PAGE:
The Six-armed Seastar ranges from Collaroy, near Sydney, New South Wales, around Australia's southern shores (excluding southern and western Tasmania) to Dongara in south-western Western Australia. Clark considers that this species is more common in southwestern Australia. (NSW, VIC, SA, TAS, WA)Features:
The Six-armed Seastar is a thin, flat-bodied seastar usually with six arms, resembling a hexagon, with its short arms not protruding beyond the skirt. Occasionally it has 5 to 8 arms, or may be circular in form. Grey looked at 539 specimens and found that 90% had six rays, 6.5% had seven, while 2.5% had eight and only 1% had five rays. The spines of the actinal plates are more or less cylindrical and bluntly pointed. The actinal intermediate plates occur usually with 2 spines. It grows to a diameter of 25-40 mm.
Its dorsal colour pattern is mottled and quite varied. It is as colourful as the Common Eight-armed Seastar, Patiriella calcar, but is usually more dark and dull in colouration. Its colours include varied greens and browns, orange, pink, red, blue, mauve, with little yellow or white. The ventral surface is pale in colour.Ecology/Way of Life:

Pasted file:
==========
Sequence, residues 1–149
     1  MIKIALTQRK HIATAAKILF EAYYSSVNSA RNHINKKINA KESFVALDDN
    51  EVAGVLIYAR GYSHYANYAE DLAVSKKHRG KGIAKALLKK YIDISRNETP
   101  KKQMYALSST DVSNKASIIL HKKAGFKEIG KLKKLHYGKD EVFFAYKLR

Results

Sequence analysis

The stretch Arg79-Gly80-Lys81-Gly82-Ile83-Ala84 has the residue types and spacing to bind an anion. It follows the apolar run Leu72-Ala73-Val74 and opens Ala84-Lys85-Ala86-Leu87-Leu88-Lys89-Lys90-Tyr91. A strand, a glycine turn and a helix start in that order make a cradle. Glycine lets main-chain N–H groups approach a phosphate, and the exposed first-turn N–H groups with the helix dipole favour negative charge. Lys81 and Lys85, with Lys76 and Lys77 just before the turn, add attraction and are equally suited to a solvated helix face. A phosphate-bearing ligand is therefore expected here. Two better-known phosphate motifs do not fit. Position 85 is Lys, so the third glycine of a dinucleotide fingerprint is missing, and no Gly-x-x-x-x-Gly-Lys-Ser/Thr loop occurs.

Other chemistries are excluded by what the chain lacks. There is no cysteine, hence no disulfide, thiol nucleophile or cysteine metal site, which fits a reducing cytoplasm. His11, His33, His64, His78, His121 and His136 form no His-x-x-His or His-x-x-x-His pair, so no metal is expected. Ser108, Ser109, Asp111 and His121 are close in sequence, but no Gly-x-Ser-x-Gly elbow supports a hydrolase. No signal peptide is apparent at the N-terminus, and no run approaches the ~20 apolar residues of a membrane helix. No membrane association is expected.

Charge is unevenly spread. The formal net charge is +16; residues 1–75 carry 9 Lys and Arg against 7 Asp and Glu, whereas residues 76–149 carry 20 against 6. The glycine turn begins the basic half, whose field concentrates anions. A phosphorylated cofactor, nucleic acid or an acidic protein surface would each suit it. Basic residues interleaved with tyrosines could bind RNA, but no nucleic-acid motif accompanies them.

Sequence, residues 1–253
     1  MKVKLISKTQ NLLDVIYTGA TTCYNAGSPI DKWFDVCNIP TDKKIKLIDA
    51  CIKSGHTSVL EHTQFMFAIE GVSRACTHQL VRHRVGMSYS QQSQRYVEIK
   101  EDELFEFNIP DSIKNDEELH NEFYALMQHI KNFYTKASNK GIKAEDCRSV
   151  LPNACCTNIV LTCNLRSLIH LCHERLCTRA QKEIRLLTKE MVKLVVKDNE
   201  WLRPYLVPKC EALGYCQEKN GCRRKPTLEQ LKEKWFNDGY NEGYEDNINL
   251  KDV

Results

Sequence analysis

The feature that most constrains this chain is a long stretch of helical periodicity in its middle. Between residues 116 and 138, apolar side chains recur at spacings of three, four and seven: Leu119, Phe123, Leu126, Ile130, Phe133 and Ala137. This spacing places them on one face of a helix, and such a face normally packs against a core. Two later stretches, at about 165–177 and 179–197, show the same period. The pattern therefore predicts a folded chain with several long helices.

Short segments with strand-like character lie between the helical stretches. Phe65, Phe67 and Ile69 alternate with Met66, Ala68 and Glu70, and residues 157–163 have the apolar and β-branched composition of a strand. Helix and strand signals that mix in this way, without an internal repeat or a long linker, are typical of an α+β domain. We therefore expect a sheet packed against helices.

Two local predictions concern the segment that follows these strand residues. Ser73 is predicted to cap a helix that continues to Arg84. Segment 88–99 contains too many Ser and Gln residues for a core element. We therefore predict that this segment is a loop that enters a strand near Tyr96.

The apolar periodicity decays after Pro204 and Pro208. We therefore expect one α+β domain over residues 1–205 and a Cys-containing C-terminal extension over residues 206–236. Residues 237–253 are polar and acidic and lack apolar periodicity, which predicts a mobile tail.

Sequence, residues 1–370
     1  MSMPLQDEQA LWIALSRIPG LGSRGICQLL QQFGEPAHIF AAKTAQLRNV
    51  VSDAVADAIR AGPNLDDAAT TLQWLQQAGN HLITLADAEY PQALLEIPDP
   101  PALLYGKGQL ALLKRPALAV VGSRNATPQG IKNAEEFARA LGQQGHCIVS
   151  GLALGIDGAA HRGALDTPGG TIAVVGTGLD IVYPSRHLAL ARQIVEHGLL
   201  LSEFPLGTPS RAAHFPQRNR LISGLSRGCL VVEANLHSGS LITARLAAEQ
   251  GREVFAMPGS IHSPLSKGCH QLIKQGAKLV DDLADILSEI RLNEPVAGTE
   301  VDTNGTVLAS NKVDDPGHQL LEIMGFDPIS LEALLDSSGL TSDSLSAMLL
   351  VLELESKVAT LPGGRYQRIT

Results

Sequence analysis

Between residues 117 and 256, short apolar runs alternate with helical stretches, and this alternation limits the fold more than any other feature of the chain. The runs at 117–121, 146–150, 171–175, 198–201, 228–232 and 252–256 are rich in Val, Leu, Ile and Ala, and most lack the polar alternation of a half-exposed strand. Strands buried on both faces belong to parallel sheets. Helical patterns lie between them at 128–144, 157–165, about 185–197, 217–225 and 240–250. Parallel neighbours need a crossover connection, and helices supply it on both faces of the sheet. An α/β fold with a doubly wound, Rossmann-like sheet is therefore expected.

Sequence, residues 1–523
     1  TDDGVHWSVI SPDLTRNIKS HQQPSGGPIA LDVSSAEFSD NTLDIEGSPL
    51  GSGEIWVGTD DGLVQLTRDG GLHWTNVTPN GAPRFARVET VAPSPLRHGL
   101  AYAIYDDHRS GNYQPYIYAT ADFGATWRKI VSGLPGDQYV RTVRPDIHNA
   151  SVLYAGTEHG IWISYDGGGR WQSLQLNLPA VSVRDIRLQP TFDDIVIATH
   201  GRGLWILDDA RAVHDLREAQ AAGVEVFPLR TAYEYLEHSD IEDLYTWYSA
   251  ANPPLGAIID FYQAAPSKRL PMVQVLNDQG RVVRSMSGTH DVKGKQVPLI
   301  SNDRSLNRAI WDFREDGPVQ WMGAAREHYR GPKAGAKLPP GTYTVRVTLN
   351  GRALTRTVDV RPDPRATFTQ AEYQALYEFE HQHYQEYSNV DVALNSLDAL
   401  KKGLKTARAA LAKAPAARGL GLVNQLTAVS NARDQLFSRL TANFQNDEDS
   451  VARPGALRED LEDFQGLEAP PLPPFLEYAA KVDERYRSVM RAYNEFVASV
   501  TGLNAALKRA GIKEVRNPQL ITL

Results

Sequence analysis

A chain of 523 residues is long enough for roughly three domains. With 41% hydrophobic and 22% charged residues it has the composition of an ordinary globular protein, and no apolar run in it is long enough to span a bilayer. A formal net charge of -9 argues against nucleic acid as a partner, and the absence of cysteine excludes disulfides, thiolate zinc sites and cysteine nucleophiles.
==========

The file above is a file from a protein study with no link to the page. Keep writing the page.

It occurs at low tide levels and below to 30 metres depth, sheltering under rocks and in crevices where it feeds on encrusting organisms. It appears to prefer the lowest tide regions.Interaction with Humans/Threats:
If you look at the photographs in Shepherd and Thomas (p. 413) Fig. 10.7 (a) and (b), they look nothing like the photograph in Edgar (p. 346) and their text descriptions are not similar.Other Comments:
Gray first described this species as Asterina gunni in 1840. Verrill renamed it Patiriella gunni in 1913.Further Reading:
Davey, K. (1998). A Photographic Guide to Seashore Life of Australia. p. 130, New Holland Press.
Clark, H.L. (1946). The Echinoderm Fauna of Australia: Its composition and origin. Carnegie Institution of Washington. Publication 566. p. 135.
Edgar, G.J. (1997). Australian Marine Life: the plants and animals of temperate waters. p. 345, Reed.
Marine Research Group of Victoria. (1984). Coastal Invertebrates of Victoria: an atlas of selected species. p. 136, Museum of Victoria.
Shepherd, S.A. and Thomas, I.M. (1989). Marine Invertebrates of Southern Australia. pt. I. p.412, South Aust. Govt. Press.
Text, map and photograph by Keith Davey.Sponsorship welcomed:
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